The National Security Agency is a riddle wrapped in a mystery inside a code. Secrets lie within. Located in Fort Meade, Md., it dwarfs the CIA. Its budget is black, unknown. And, most disturbing of all, it is the world's largest employer of mathematicians.
One of its secrets, recently revealed, is that it's monitoring millions of phone calls to learn just who was calling whom. (Technically, only telephone numbers are being recorded, but you don't have to be Q from James Bond to get a name from a number.) This information was being used to determine who might be a terrorist.
Legal or not, the spying program isn't worth violating our civil liberties for. The information one can glean will hardly help us win the war on terror.
With the NSA data, you can draw a picture with nodes or dots representing individuals, and lines between nodes if one person has called another. Mathematicians who work with pictures like this are called graph theorists. The field of social network analysis deals with trying to determine information about a group from such a graph, such as who the key players are or who the cell leaders might be.
But even when you know everyone in the graph is a terrorist, graphs don't contain information about the order or hierarchy of the cell. Researchers look instead for graph features like centrality: They try to identify nodes that are connected to a lot of other nodes, like spokes around the hub of a bicycle wheel. Monterey Naval Postgraduate School researcher Ted Lewis, in his textbook "Critical Infrastructure Protection," defines a critical node to be such a central hub.
There are two problems. First, the central player might not be as important as the hub metaphor suggests. Jafar Adibi of the University of Southern California looked at e-mail traffic between Enron employees before Enron collapsed, and drew the graph. He found that if you naively analyzed the graph, you could mistakenly conclude that one of the central players was CEO Ken Lay's ... secretary. But that wasn't the person who ran the company into the ground.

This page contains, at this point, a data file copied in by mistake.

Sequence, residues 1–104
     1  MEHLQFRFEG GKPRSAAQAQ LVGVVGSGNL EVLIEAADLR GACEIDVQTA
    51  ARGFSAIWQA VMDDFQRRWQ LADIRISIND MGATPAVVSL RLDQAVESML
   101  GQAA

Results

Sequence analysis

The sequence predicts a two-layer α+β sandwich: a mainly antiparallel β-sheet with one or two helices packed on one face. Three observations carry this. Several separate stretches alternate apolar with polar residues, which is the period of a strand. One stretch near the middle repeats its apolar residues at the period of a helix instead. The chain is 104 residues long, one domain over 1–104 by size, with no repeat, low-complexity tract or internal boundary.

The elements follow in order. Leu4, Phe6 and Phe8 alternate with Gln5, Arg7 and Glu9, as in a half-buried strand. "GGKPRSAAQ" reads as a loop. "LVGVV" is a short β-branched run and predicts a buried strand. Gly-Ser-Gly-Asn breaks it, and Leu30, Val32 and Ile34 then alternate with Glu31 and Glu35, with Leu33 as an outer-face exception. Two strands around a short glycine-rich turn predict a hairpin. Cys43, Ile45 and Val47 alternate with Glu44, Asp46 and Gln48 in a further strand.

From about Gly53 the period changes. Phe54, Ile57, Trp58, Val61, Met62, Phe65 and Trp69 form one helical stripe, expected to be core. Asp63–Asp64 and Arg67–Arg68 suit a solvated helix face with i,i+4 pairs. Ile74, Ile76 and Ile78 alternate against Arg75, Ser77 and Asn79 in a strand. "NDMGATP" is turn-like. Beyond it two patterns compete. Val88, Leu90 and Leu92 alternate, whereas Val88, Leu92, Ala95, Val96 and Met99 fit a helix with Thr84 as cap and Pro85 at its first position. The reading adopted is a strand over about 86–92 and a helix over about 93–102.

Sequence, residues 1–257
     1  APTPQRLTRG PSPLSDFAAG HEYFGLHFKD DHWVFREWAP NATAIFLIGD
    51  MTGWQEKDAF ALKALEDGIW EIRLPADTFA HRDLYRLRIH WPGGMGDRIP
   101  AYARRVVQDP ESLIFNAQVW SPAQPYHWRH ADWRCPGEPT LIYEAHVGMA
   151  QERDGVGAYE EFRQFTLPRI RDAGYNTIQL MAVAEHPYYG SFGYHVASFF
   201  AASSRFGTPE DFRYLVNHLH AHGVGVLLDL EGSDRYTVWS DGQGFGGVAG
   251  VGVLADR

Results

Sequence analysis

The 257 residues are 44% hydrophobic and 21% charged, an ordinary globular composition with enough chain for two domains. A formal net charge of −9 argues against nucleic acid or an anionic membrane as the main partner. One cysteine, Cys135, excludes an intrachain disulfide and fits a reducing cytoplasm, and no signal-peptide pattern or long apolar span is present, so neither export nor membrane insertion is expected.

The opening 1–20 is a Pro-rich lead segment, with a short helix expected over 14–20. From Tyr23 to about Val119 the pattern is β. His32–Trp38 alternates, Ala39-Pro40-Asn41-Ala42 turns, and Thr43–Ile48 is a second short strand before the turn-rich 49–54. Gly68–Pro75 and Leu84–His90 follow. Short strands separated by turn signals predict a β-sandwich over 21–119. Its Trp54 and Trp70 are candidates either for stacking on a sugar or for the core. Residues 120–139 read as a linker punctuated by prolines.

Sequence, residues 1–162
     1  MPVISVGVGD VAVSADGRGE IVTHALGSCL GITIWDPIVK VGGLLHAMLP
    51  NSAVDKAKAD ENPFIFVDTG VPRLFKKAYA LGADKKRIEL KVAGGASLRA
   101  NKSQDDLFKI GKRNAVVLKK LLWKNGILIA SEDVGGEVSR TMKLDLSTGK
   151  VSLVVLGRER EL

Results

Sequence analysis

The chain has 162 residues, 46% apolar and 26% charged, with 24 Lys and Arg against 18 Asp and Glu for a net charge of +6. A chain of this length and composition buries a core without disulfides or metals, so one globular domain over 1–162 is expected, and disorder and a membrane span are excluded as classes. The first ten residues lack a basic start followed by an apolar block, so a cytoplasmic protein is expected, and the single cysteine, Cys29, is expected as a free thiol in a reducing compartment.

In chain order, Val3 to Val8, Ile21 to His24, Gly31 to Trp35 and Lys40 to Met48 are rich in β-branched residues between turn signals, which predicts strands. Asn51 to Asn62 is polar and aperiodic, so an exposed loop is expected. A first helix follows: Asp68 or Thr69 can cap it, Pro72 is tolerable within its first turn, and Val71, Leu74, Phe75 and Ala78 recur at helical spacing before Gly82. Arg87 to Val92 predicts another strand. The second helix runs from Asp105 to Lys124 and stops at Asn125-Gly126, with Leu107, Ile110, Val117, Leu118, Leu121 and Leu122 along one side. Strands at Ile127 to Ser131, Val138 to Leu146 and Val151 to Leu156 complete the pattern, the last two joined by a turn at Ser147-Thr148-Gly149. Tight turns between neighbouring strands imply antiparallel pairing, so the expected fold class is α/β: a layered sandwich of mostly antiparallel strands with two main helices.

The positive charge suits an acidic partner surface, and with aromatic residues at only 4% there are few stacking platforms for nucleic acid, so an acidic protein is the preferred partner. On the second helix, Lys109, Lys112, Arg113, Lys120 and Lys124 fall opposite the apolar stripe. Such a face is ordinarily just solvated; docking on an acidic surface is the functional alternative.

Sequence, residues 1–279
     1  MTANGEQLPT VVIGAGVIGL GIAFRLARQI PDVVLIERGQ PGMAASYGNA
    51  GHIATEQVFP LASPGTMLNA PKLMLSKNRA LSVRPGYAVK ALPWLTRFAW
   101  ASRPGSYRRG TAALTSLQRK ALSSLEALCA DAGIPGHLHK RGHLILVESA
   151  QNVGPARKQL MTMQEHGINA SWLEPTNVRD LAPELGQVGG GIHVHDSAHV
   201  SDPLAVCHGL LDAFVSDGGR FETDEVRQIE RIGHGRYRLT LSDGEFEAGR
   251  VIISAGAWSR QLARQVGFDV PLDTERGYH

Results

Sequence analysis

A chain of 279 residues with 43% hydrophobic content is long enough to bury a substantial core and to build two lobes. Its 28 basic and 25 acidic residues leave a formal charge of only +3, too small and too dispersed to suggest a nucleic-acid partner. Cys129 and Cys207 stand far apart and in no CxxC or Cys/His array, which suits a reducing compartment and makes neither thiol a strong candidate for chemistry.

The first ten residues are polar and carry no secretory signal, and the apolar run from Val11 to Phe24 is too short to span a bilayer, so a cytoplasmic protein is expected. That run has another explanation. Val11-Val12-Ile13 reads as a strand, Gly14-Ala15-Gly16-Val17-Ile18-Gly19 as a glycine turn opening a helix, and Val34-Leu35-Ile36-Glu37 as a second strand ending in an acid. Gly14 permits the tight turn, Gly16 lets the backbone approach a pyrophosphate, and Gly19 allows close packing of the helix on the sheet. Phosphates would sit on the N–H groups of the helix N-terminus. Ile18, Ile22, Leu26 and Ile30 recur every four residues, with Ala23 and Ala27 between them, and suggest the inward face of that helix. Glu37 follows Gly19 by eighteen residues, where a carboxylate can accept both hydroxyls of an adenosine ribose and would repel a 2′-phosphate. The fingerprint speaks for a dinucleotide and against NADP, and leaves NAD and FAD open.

Second, as the journal Studies in Conflict and Terrorism reported in 2003, you can kill all the central players in a terrorist cell and still leave the cell with a complete chain of command -- still capable of carrying out a devastating attack.
Expert Kathleen Carley of Carnegie Mellon was able to correctly predict -- twice -- who would take over Hamas when its leaders were assassinated, and her analysis used detailed information about the individuals in the organization, not just what anonymous nodes were linked with what. The moral is that the graph theory approach is inadequate. For useful results, it's important to utilize the lattice theory approach, which takes into account order and hierarchy.
The other questionable aspect of the NSA spying program is that it seeks to work out who might be a terrorist based on their calling patterns. While I agree that anyone calling 1 (800) AL-QAEDA is probably a terrorist, guilt by association is not just bad law, it's bad mathematics, for three reasons.
The simplest reason is that we're all connected. Not in the Haight-Ashbury/Timothy Leary/late-period-Beatles kind of way, but in the sense of the Kevin Bacon game. Sociologist Stanley Milgram took individuals unknown to each other, separated by a continent, and asked one person to send a package to the other -- but only by sending the package to an individual he or she knew, who could then only send the package to someone he knew, and so on. While Milgram's interpretation of the results has since been questioned, the conclusion that emerged is that it took only six mailings, on average, for each package to reach its intended destination.